"Prithee, Sergeant Grigg, don't blame the Corporal," says young Ensign Mosten, " 'Tis in a sense my fault, for I stopped him taking half the yard-paling off that farm beyond the hill. The paling was well enough, but our Adjutant-General has given strictest orders against plundering, lest the country folk turn against us, their Allies."

"God's curse on all this nonsense of ‘Allies,’" swears the Sergeant, when the subaltern is at a safe distance. “These black¬avised Spaniards and their villainous monks (see note 4) 'd as soon stick us in the gizzard as help us take this plaguesome town. I'm all unused to this bowing and scraping. In Flanders we took our fancy—when and how we wanted it.”

“Which was your Regiment in Flanders, Sergeant?” asks the young corporal. “Were you with Lord Charlemont then?" “Lord, no, boy. This new regiment of his Lordship's hasn't lived four years yet. In Flanders I was with a fine fighter, Lord Cutts, ‘The Salamander.' He was a man, he was. Never a better officer in the King's army. He'd march up to the mouth of a cannon though he saw the lighted match at the touch-hole, yet for all that he had a heart as soft as a child once it was over. 'Saw him through Steenkirk field and up the breach at Namur—real fighting that was, none of this dribble-drabble, fiddle-faddle sort of work. You've never seen a battle yet, youngster, neither have any of this brood, save such few as made that campaign with me. Belike you'll never see a real battle—never know what it is to hear the grape-shot howling past your ears and the yells of the Frenchies as they come at you pell-mell with pike and bayonet. It's then you find out whether you're a man or not, m' son. But this damned business of sitting in the dirt and waiting . . . . . . What's the use of it? No proper food, no ale, no wenches, no cover at night save this rotten planking your nincompoops have set up. Pray God that the rain holds off, to save their baby faces lily-livered set of children . . . . . .”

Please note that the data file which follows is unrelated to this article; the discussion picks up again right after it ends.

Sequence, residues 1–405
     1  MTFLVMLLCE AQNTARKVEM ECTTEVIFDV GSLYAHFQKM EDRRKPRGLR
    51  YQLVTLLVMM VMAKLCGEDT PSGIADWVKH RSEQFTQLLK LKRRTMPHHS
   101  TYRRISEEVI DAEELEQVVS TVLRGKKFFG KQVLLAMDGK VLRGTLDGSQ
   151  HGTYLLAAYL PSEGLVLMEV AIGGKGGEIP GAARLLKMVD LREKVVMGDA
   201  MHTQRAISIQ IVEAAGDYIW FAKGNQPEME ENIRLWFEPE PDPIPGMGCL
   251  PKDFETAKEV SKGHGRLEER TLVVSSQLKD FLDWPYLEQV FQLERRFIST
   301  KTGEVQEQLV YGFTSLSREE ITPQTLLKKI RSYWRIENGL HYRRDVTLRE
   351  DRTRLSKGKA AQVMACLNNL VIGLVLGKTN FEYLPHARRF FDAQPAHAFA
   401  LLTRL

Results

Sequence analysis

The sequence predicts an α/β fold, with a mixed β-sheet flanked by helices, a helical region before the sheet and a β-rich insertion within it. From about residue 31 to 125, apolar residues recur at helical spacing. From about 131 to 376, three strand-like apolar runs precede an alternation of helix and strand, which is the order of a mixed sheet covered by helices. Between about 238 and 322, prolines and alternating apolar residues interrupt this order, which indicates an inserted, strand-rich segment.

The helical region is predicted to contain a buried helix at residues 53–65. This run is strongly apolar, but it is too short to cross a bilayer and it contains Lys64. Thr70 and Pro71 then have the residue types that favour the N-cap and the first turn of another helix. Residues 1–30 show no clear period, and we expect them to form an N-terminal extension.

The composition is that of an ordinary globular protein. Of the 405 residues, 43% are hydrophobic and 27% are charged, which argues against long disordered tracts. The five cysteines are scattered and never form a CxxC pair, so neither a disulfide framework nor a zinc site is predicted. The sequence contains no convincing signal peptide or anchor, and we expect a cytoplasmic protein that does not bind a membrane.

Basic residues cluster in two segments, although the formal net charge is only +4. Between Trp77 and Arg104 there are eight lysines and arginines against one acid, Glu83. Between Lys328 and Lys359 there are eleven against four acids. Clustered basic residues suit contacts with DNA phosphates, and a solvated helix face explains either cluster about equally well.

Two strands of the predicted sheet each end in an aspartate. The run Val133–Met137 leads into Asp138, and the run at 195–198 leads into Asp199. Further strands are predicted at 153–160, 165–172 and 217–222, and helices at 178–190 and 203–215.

Sunset of the same day. In the intervening hours, a conference of the principal officers has hastily been summoned and unexpected orders have been issued. The siege of Barcelona is forthwith to be abandoned. The bulk of the force is to embark tomorrow on board the fleet for transference to Tarragona further south; but lest it should prove difficult to re-embark the whole force at once from the open beach where the landing was effected three weeks ago, the bulk of the infantry and cavalry are to march to Tarragona overland. These are to start at once and to march that night, passing clear of Barcelona before our intentions are known to the enemy, whose spies are everywhere around.

The news has spread like wildfire through the camp, accompanied by savage recriminations between the different Allies and the Spaniards whom they have come to aid. There is general bitterness and bad feeling, and it is in a sullen mood that the British troops fall in for the march to the south. The last rays of the setting sun light up the scene as the battalions form up: four British battalions in red coats, distinguished by their facings and their flying colours—the deep yellow of Rivers' Regiment, the “philimot” of Lord Barrymore's (see note 5) the orange of Lord Donegal's, and the bright green of Lord Charlemont's—followed by two companies of Dutch troops in dark blue. The parade is formed in the sheltered valley of the little river Llobregat, and there the battalions lie waiting until dusk closes in.